Juliette's been wavering in and out of this trope, but seems to have been rescued from it, albeit in a special way.
Ships That Pass in the Night: Roddy Geiger ("Danse Macabre") and Barry Rabe ("Bears Will Be Bears") are frequently shipped together, presumably because they are in the same age group, despite the fact that they have most likely never met. And both of them tend to get shipped with Holly Clark ("Let Your Hair Down") for roughly the same reasons.
The actress playing "Mrs. Garcia" in "El Cucuy" is 54◊. Mrs. Garcia is 77, and the costuming department thought that the way they could age her up was giving her a ridiculous, cheap-looking wig◊. It looks worse in the episode - it looks unnatural and you can almost see where the wig ends and her real hair begins!
Handwaved in that old age effects are among the most difficult to pull off. And that said, much like La Llorona and Volcanalis, El Cucuy is presented or heavily implied to be extremely long lived. So while she may be 77 years old, it may not mean as much to her species as it does to other wessen and humans.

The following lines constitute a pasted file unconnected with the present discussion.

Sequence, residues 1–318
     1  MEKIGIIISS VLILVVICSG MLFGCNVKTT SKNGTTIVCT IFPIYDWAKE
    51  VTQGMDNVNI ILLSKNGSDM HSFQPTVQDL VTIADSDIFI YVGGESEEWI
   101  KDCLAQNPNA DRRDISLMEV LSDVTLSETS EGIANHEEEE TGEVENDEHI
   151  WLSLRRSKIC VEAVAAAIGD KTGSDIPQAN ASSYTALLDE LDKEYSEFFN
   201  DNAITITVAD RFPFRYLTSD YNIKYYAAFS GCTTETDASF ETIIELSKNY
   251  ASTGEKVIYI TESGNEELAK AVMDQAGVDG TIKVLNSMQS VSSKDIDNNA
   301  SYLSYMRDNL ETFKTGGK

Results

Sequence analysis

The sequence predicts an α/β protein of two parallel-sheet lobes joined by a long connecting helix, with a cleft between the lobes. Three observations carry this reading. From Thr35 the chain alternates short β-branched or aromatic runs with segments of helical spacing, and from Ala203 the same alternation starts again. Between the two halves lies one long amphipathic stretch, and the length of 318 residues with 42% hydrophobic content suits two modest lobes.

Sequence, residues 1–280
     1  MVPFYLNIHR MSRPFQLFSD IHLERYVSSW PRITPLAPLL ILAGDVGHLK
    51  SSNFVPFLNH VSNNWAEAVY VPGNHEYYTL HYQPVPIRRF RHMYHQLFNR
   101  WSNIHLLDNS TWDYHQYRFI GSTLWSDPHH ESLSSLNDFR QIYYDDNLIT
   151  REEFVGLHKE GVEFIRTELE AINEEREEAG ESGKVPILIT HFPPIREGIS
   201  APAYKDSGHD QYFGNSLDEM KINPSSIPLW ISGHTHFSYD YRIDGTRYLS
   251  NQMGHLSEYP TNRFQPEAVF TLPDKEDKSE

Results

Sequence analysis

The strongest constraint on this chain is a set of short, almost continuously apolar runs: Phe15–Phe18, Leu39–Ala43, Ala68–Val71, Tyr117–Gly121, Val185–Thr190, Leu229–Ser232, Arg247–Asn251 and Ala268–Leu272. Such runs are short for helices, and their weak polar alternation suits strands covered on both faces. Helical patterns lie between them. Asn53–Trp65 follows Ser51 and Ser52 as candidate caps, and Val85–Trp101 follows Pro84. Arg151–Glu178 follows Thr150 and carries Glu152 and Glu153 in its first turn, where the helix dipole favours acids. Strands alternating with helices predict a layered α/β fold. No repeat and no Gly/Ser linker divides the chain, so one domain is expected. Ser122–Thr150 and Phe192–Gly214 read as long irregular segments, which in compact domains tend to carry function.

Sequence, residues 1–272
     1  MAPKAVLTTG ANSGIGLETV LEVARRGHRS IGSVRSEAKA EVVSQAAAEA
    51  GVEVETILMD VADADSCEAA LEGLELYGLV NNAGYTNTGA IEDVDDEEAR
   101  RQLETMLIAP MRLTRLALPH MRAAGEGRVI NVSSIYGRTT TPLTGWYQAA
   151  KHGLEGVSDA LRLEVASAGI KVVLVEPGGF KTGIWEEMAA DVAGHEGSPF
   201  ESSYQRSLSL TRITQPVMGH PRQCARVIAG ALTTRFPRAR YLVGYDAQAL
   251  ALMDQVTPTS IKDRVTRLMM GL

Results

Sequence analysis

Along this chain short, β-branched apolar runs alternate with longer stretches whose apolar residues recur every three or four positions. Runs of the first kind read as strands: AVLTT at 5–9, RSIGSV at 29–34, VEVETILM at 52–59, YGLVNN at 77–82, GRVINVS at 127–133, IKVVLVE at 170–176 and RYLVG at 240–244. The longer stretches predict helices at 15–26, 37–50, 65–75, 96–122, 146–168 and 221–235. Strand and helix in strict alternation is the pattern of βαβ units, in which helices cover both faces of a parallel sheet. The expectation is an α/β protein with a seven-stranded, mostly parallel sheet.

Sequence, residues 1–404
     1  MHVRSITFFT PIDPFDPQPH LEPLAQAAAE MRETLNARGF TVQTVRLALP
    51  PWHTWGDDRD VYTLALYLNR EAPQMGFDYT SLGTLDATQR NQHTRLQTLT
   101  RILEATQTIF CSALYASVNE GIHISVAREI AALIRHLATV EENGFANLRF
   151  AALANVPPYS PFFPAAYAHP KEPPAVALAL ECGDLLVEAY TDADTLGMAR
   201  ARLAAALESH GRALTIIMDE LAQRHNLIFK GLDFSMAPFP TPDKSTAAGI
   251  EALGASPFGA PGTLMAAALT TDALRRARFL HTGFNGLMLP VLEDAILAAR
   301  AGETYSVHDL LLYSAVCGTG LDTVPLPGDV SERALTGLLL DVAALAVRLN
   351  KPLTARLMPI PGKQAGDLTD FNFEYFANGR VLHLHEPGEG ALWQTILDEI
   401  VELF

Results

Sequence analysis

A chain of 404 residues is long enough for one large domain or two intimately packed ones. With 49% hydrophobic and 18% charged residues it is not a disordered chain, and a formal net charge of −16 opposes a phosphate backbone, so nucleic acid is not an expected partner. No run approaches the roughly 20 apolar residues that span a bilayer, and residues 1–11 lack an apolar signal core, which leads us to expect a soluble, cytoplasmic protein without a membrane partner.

Squick:The less said about the frogs in "Lonelyhearts", the better. Or the rats in "Danse Macabre" who chewed off a man's face. Or the judge with a gavel shoved down his throat and the woman with her tongue cut out in "Game Ogre".
How Spinnetods kill their victims.
Not as bad as some other examples, but two words: Blood. Cookies.
Basically, if you're going to get killed by a wesen who isn't concerned about The Masquerade at the moment or you're bumping into a wesen engaged in some of the more instinctual habits... it's probably not going to particularly nice.
What Geiers are infamous for as a species - brutally harvesting human organs from victims that are still alive, be they wounded soldiers on the battlefield or homeless kids on the streets - and selling them on a Wessen black market that uses the parts like apothecary ingredients.